Nikon did a wonderful job designing and building the Z7's 3.2-inch tilting touchscreen.
Aside from being incredibly bright and detailed, it tilts smoothly and the touchscreen works like a charm. Though it has lower resolution than the D850's LCD, I honestly wouldn't have noticed a difference had I not read the spec sheet prior to unboxing the Z7.
A big difference between the LCDs on the D850 and Z7 is that the former is in 3x4 format while the latter is in 2x3 format, so it matches the dimension of your photos.
As a result, the LCD on the Z7 seems bigger than it actually is.
Nikon Z7 Performance
One of the best performance features of the Z7 is, in my opinion, the 5-axis image stabilization.
Unlike its DSLR cousins, the Z7 has built-in image stabilization, which is effective up to five stops.
As someone that has a good number of legacy Nikon lenses that are not stabilized, it's nice to be able to mount them to the Z7 body with the FTZ adapter and benefit from the Z7's stabilization.
The camera's autofocus system is worth a mention as well.
You can switch it between single-focus and continuous-focus as well as full-time autofocus when recording movies. The system utilizes both contrast-detect and phase-detect AF points, which render accurate focusing, even in less-than-desirable lighting.
It has predictive focus tracking, which I've found to be highly effective when taking photos of my son running around in the yard. Predictive focus tracking is precisely what you would think - it focuses on the subject and locks on so that focus is maintained, even as the subject moves.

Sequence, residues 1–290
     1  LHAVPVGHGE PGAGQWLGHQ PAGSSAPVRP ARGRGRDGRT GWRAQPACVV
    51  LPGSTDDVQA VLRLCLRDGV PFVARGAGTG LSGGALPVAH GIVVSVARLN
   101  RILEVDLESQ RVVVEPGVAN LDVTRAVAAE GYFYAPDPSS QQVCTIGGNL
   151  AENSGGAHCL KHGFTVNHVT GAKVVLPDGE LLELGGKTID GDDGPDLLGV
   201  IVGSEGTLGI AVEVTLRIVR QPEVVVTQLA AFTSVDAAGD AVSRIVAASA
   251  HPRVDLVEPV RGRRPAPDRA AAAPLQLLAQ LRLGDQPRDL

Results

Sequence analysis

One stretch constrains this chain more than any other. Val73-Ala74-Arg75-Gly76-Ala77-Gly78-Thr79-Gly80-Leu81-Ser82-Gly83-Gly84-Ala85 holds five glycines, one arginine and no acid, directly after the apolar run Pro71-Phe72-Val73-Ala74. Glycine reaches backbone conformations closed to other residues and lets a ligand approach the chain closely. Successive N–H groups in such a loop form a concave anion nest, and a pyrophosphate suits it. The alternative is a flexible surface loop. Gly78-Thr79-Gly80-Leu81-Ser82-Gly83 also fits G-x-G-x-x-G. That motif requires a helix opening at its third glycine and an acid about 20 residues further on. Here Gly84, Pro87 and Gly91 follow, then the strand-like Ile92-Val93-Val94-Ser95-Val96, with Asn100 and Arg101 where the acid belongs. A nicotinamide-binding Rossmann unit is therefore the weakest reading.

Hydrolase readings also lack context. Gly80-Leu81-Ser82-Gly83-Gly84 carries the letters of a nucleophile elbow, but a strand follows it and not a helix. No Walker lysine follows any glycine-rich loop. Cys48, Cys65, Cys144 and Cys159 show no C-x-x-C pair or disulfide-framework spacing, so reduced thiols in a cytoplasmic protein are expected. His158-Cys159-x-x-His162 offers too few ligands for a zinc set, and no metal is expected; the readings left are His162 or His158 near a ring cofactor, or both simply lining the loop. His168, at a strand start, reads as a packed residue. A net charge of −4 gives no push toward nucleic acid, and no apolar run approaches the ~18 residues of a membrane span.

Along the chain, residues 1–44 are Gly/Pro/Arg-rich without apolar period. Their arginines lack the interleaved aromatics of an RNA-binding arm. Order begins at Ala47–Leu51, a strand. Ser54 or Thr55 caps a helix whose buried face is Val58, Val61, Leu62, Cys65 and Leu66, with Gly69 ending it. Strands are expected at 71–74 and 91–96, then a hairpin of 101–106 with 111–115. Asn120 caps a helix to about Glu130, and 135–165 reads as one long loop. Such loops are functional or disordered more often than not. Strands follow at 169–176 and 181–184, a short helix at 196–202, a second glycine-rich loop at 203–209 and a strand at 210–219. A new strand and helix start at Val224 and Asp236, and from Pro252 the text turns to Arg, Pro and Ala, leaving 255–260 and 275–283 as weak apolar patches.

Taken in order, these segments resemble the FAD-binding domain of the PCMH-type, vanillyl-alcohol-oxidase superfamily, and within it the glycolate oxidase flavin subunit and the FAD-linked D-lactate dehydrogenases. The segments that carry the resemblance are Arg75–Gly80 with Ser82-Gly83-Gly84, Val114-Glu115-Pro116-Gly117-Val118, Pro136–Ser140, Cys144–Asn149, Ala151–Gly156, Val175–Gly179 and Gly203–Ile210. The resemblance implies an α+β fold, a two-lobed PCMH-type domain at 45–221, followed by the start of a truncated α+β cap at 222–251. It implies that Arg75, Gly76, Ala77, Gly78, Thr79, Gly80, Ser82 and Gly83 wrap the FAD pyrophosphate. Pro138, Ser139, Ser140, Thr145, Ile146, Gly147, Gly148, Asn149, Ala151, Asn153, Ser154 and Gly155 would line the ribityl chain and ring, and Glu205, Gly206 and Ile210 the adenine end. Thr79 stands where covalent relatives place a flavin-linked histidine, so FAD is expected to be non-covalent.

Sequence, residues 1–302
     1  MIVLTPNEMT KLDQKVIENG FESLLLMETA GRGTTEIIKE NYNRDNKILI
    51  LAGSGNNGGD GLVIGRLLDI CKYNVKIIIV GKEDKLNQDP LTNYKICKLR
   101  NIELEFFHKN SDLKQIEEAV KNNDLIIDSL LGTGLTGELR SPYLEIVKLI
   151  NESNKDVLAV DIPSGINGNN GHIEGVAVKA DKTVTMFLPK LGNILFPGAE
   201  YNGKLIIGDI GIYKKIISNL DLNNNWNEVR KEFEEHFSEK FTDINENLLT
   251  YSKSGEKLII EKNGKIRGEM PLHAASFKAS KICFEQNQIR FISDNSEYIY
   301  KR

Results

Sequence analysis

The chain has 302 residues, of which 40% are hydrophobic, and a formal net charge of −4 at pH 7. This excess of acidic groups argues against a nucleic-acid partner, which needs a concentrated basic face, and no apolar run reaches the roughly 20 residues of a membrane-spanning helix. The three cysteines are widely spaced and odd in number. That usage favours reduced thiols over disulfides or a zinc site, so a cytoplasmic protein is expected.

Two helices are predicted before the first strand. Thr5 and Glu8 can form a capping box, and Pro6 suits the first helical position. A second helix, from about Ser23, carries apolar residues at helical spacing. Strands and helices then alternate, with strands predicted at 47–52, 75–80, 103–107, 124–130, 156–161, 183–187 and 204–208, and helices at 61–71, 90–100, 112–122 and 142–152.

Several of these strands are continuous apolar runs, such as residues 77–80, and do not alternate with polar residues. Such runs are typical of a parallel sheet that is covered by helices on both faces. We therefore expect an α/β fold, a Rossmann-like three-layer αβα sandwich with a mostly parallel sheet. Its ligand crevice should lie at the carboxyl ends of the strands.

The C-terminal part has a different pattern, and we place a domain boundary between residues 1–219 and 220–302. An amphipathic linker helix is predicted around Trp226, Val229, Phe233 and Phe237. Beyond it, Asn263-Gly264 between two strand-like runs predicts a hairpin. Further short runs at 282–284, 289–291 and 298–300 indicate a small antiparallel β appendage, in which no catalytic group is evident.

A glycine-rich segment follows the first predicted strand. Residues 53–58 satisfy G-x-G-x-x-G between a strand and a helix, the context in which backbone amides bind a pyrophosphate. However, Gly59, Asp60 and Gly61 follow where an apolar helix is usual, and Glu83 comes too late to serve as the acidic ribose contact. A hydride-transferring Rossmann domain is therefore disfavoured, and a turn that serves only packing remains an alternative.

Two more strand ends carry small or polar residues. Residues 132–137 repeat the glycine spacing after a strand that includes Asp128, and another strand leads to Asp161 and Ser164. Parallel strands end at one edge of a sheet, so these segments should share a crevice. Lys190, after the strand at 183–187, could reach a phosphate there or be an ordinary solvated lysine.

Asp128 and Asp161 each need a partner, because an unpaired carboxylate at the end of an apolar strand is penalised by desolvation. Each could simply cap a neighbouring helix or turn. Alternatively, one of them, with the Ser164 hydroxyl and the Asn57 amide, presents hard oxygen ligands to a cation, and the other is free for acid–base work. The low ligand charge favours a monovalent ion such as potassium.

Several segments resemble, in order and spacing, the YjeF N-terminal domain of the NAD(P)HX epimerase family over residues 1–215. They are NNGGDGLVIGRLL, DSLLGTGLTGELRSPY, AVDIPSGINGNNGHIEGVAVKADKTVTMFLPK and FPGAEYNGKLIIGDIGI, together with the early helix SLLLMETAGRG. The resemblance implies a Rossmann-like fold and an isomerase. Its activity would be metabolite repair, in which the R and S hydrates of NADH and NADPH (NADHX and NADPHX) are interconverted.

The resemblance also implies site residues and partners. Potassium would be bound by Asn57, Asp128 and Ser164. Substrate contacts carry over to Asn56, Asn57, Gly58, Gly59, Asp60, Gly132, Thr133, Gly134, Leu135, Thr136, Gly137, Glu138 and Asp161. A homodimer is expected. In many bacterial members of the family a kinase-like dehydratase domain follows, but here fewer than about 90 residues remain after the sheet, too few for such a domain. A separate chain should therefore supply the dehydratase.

There are multiple AF patterns from which to choose, including single-point and pinpoint options as well as dynamic patterns and wide-area focusing. The Z7 is equipped with focus peaking and manual focus, too.
Unlike other mirrorless cameras, the Z7 doesn't seem to suffer from the initial lag when first powering it up.
There is definitely a longer wake up time with the Z7 than my D850, but it's nothing major. Instead, the camera wakes up with the autofocus system read to go and the viewfinder active so you can take quick shots.
Speaking of taking shots, the Z7's image quality is outstanding, as expected.
Dynamic range is excellent, noise is well controlled (and really not even noticeable below 6400), and the color output is both accurate and pleasing.
Nikon Z7 Price
You can pick up a Z7 (body only) for just a shade under $3,400.
A bundle that includes the Nikkor Z 24-70mm f/4 S lens is just under $4,000.
Should You Buy a Nikon Z7?
Clearly, not everyone can afford a Z7, but if you can, it's a great investment.
Usually you find a variety of issues with first-generation cameras, but Nikon took its sweet time designing and developing this rig, and it shows.
There's truly nothing about this camera that annoys me, nor are there any deal-breaking features (or lack thereof) that would make me think twice about having gotten one.
For some, the lack of two card slots might be a problem, but for me it's a non-issue.
Instead, the good features of this camera are what really shine - an excellent sensor, a superb autofocus system, excellent image quality, fantastic handling...it truly is a magnificent camera.
UPDATE: In the video above, I offer my long-term hands-on review of the Z7. Check it out!